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Leadership & Strategy


How to become a disruptive leader in a family business

Barry Leahey MBE is the award winning ecternal MD of Playdale Playgrounds

We spoke with Barry Leahey MBE about what it means to be a disruptive leader – especially when you’re at the helm of a family business.

When Barry Leahey became the first external MD of a ninth-generation family business, he set out to make big changes.

The family business dates to 1735, when it dealt timber and steel, before becoming Playdale Playgrounds in 1978. Barry’s vision has again transformed the company – it’s gone from a domestic business selling playground equipment to an international supplier now exporting to 49 countries.

The team’s efforts and successes were recognised with a Board of Trade award in early 2019 in acknowledgement of its excellence in international trade, innovation, creativity and entrepreneurialism.

We sat down with Barry to find out about becoming an external MD in a multi-generation family business and how to innovate while still retaining original values.

What do family businesses stand to gain by bringing in an external MD?

“You can gain a great deal from a new set of eyes. The root of many frustrations within a family business is that they have taken it so far and can’t go any further. Often, an external managing director is brought in because the family have already recognised a need for change.

“At Playdale, nine generations of the same family ran the business without external management. John Croasdale was the MD before I came in. His big realisation, after taking some management training, was that to move a level up you have to surround yourself with better people. He and the other family members realised that bringing in an external MD would be key to developing the business.”

Do you think it’s important to retain the values of the family business?

John Croasdale (Chairman) and Gillian Croasdale (Company Secretary), are the 9th Generation owners of Playdale

“I went in as MD with the mindset of respect for history and people’s legacies. My transition in to the role was a learning experience. There were a lot of nuances to pick up on, particularly around familial connections and employees.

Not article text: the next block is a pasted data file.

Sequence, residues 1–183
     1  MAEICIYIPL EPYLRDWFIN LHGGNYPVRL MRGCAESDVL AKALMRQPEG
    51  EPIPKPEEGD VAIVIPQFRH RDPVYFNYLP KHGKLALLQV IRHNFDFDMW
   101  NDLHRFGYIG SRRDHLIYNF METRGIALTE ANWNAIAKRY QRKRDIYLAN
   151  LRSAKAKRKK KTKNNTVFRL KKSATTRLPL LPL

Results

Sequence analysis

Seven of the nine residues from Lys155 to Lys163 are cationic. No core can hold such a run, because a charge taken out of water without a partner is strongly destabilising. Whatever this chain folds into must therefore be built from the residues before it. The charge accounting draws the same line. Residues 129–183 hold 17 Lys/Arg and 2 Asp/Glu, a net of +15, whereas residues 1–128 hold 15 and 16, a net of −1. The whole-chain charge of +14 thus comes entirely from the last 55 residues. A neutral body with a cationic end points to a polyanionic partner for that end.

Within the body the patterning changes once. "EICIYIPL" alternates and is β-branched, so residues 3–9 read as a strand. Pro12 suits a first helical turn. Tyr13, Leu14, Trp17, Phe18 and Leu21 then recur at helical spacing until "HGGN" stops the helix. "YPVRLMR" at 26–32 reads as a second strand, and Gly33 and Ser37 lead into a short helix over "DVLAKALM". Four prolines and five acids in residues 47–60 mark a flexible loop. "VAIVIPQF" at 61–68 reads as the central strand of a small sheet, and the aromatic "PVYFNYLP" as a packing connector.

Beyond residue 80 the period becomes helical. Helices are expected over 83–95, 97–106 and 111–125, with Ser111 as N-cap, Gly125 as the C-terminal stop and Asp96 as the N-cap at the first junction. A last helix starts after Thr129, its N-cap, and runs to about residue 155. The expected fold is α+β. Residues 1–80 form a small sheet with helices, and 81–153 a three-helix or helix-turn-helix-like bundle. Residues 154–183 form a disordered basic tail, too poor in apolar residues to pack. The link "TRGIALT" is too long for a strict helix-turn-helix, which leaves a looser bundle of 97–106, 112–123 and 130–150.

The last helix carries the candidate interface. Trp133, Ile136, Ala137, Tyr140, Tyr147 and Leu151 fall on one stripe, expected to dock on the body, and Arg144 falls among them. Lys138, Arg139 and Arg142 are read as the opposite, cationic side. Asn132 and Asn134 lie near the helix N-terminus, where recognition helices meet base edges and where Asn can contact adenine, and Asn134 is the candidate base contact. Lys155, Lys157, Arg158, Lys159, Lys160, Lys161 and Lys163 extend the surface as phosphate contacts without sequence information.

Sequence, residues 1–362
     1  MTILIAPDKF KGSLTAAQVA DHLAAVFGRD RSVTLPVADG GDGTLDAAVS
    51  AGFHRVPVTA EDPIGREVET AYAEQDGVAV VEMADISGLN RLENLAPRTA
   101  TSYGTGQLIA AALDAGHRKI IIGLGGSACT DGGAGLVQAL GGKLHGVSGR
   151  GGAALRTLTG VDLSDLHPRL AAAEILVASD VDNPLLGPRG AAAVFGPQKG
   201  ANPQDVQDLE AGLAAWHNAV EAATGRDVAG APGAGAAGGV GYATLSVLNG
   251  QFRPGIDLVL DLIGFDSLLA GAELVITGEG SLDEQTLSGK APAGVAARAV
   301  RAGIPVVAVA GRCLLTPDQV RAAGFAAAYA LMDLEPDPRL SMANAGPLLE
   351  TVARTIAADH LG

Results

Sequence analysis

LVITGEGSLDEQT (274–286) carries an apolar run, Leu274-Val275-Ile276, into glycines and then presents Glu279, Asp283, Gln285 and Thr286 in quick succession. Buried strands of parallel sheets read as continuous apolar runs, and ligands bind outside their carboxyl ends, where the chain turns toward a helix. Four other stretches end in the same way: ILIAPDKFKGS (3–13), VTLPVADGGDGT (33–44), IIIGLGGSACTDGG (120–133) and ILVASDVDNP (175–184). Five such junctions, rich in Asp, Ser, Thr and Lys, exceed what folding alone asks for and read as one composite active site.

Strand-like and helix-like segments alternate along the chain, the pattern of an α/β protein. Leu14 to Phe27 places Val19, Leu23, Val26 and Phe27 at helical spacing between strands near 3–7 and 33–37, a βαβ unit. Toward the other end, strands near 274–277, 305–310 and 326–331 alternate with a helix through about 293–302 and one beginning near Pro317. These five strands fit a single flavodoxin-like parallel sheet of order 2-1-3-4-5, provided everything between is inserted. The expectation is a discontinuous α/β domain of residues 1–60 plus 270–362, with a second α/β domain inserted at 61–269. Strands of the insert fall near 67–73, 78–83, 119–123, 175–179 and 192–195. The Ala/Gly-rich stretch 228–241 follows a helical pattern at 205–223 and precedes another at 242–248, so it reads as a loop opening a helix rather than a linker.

“I’ve come from billion-pound businesses where the major difference is that it’s more transactional. People are numbers. They’re told what their role is and what they’re required to deliver. In a family business it’s about looking after people and ensuring we’re not as cut throat. No family wants to be known as a ‘bad’ family – they want to be upstanding leaders in the community.

“The good and bad side to that is it can be a little bit nice. You need to be mindful of creating that family feeling without it coming at a cost for the business. In some ways, a family approach can make it easier to be more direct when you’re unhappy with something. You can be less corporate about it and it feels more real and honest. This ‘family’ approach is something that corporates themselves are now trying to replicate.”

What is your approach to leadership?

“Business leaders are there to cause disruption and then help with the flux left behind. I spend 40 per cent of my time working on strategy, 40 per cent outside of the business looking for strategic disruption, and 20 per cent on the day-to-day tasks. The world is constantly changing, and you can’t stay still.

“I’m also a big believer in developing people. I mentor my team members and make it my mission to move people in to new roles. At Playdale we create a culture that celebrates change and continuous improvement, rewarding people with great ideas. We have collected 180 ‘continuous improvement ideas’ from employees and, from the ones we implemented, have saved £70,000 and made our work easier in the process.”

What’s an example of a change that you have made at Playdale which has driven up your productivity?

“In 2010 I asked the question, ‘why do we only work in the UK?’. At the time, we predicted that the UK market would contract by 30 per cent, and it ended up contracting by 44 per cent. Today, 50 per cent of what we manufacture is exported abroad to 49 countries. If we had stood still and maintained status quo I wouldn’t be speaking to you today.

“The other thing I did when I first came in as MD was to create accountability. We formalised what everyone was responsible for both internally and with customers. A few people may have stamped their feet, but we began to see immediate gains. It’s those tiny incremental changes that can lead to huge gains.”

What’s your top productivity tip for family businesses?

“Productivity is about making us better in everything that we do. At Playdale we measure this through benchmarking. We use benchmarking because we want to be sure that we’re performing better within our sector, but also across different sectors.

“Once you know where you stand, the next step is to empower people, hold them accountable and set goals. Holding people accountable can be a challenge, especially in a business that values relationships and people. But if a family business learns to have those difficult conversations, this gives them an edge.”

Barry will be involved in judging the “Non-Family Leader/ MD/ CEO/ NED” award at the North West Family Business Awards on the 6th March 2020. Be the Business are sponsoring the award and will be looking for non-family managers in a family business who have delivered success and innovation while being sympathetic to the culture of the family business. For more information about the awards or to make a nomination please go here.

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